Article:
This hour-long interview from Mariah Carey back in ’99 gives an inside peek into the very aware, very tired global icon.
More than 15 years ago, the music industry was an entirely different animal than it is in today’s booming digital age. Artists didn’t have tools like Twitter and Facebook to assist in promotion, and music sales weren’t swirling down the drain due to piracy and streaming, so this new interview from Mariah with a reporter that began making the rounds on the Internet this week is a very unusual and candid look into the mind of one of the most famous people on the planet at the time, and still is.
It’s hard not to listen to Mariah’s keen and aware former self during an interview, so when you have an hour this weekend, take the moment to listen. She details what it was like starting out in an industry that didn’t perceive her as biracial, feeling insecure, writing her own music and feeling miserable. Here are nine moments that sparked our interest from what’s dubbed as “The Lost Mariah Carey Interview 1999.”
Warning: She’s tired
After filming music videos, editing remixes, arranging background vocals, approving photos, traveling and still trying to maintain a shred of sanity, Mariah admits she is exhausted and to excuse her if she comes across that way.
“I’ve had about three hours sleep over the passed… I’ve been consistently sleepless since I got back and promoting and doing all this stuff.”
Making house music
Mariah loves recording house music because she can feel free and creative.
“Those house records are actually almost my favorite thing to do. It’s very free. When I do those vocals (that’s why some of them are a mess) I just sing whatever. I barely edit it. I barely redo stuff.”
She got a lot of heat for being biracial.
“The pop press would rather focus on… a black/white perception thing. I think a lot of it has to do with me being visually perceived as white by a lot of people who don’t understand about mixed race people, and that’s been a gripe of mine for a long time.”
She had it tough growing up.
“I experienced a lot of stuff. My reality has been very altered since I was a little girl. I grew up very fast in terms of my perception of the world, and my understanding of what it’s like to be mixed.”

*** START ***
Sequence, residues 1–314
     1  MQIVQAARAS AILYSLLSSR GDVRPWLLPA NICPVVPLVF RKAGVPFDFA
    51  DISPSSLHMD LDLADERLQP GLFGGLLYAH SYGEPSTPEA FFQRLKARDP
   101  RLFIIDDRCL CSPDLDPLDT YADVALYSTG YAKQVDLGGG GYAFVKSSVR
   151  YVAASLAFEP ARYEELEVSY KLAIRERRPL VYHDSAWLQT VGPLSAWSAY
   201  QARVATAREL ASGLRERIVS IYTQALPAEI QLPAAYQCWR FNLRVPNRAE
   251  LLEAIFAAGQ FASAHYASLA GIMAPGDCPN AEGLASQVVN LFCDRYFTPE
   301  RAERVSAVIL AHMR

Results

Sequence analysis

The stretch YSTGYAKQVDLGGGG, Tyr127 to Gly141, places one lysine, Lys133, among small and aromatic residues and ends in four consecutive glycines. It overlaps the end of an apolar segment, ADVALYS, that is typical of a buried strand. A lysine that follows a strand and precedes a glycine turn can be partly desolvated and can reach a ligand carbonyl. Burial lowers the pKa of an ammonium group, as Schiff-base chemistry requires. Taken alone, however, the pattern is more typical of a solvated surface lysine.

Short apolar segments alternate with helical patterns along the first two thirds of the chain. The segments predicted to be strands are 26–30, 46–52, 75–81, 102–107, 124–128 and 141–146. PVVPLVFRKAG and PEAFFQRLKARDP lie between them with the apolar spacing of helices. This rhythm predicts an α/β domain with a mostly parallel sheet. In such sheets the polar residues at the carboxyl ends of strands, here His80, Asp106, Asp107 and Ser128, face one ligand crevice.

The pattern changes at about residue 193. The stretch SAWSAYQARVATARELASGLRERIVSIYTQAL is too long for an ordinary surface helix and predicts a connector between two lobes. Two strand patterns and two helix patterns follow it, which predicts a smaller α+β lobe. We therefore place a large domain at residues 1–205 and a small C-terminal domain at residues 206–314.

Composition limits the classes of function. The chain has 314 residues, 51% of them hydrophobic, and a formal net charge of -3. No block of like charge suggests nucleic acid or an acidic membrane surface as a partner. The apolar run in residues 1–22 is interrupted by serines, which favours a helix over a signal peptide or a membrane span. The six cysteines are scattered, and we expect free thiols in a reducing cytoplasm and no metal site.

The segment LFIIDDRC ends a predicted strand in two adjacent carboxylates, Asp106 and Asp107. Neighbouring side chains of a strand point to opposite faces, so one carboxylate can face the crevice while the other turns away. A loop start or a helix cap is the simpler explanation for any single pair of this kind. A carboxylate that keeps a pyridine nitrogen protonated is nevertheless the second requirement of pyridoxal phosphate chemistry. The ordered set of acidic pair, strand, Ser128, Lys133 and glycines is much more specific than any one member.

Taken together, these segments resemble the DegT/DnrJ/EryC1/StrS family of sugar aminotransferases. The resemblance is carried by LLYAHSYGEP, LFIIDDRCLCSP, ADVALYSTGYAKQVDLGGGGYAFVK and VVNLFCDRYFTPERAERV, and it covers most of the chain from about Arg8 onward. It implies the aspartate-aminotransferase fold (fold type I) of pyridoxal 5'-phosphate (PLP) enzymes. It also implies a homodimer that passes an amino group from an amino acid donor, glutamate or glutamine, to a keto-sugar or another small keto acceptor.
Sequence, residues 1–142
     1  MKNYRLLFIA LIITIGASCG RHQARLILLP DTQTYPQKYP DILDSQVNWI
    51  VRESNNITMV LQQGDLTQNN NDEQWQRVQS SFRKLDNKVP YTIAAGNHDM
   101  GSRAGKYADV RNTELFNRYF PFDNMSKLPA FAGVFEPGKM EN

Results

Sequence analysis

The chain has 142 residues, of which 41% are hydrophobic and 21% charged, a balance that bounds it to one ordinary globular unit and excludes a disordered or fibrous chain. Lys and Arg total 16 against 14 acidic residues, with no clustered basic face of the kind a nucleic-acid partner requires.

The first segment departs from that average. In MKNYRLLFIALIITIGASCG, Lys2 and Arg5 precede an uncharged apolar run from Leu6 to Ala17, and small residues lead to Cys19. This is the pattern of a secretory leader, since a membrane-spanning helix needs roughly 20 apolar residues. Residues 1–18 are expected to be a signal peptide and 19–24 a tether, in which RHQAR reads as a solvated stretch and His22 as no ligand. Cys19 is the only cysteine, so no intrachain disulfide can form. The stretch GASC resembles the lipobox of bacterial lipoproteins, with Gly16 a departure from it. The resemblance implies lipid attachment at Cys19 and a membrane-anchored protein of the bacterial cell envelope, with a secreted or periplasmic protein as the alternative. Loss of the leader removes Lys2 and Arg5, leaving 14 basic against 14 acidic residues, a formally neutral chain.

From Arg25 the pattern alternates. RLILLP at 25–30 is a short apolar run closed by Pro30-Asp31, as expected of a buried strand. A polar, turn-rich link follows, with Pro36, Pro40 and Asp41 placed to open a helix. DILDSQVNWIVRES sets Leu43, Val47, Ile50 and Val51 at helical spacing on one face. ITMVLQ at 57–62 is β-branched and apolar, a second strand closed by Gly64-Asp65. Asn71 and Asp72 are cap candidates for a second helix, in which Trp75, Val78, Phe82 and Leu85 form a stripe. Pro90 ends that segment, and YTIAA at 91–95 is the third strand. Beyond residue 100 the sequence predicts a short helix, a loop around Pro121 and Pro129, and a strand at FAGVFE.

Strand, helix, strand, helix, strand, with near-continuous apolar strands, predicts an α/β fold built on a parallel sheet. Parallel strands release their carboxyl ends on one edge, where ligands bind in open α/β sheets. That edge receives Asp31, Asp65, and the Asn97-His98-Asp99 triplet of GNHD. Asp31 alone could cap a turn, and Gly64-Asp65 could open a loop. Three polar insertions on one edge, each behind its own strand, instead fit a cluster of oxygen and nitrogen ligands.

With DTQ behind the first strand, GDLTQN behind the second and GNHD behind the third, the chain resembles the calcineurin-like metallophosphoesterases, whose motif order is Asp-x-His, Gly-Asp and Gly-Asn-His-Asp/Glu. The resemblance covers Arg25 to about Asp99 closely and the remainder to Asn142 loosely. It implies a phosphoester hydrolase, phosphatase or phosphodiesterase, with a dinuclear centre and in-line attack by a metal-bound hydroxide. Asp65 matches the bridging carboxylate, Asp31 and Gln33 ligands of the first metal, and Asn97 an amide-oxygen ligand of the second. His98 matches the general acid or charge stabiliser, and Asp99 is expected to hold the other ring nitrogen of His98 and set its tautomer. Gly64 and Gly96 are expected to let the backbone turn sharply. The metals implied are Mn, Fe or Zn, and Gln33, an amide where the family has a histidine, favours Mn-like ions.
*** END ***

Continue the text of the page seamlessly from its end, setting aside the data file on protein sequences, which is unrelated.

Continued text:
Her reality bouncing from Mariah Carey the super star to just Mariah was difficult.
“When you go out on stage and you have all this amazing, glorious feeling of adoration from the fans. If you go out afterwards you have a party, you feel great, and you relax and you go to sleep. If you do that and then you go and sit in a car, and you have tense energy around you, and it’s like all people who are maybe corporate and not about having fun, and everybody’s nervous and uptight and you’re there. You don’t get the feeling of ‘wow I just did something amazing and I feel great.’ You get the feeling ‘I just did something amazing and now here I am back in my weird reality…’ I just wanted to enjoy my life a little bit. I was really miserable for a long time.”
Mariah loves to make remixes, but she honestly loved the first version of “Heartbreaker.”
“When I was doing the original ‘Heartbreaker,’ and Jay Z came in and did his part, we were all like ‘Yay!’ We were all like little excited fans. Jay would not be on something he didn’t like. He’s got a lot of integrity as an artist. He’s very particular about his stuff.”
MC admits she doesn’t take songs without participating in the writing process, even from legends like Diane Warren.
“I don’t take songs. I prefer to write mine… If I felt it was great, undeniably, I couldn’t write something better for myself, I might [take a song]. I think that my true fans know the difference when I’m singing something I wrote. I have never something someone else wrote except when I did that Whitney duet or that remix.”
If she’s a people pleaser
Mariah says no one would work a crazy schedule like her, and felt like she’s insecure and has to maintain how far she’s come because she didn’t get to enjoy the first half of her career at the time.
“I just think I have an overblown insecure streak that runs through me, and sometimes it manifests itself as me being a workaholic, like you see, some artists would not tolerate this kind of schedule… I just work, and I think it’s because for a lot of the early part of my life… I felt like I had to always scramble, and I didn’t know whether I had any stability… I never felt that euphoric fame feeling. I never had that.”
What is one goal that isn’t work related?
She laughs at first, then says:
“I want to have a fun New Year’s Eve. I want to be in a warm place. I want to have a party. I want to see fireworks. I want to be with people that I love. I want to not worry about what people think… I just want to detach for a minute.”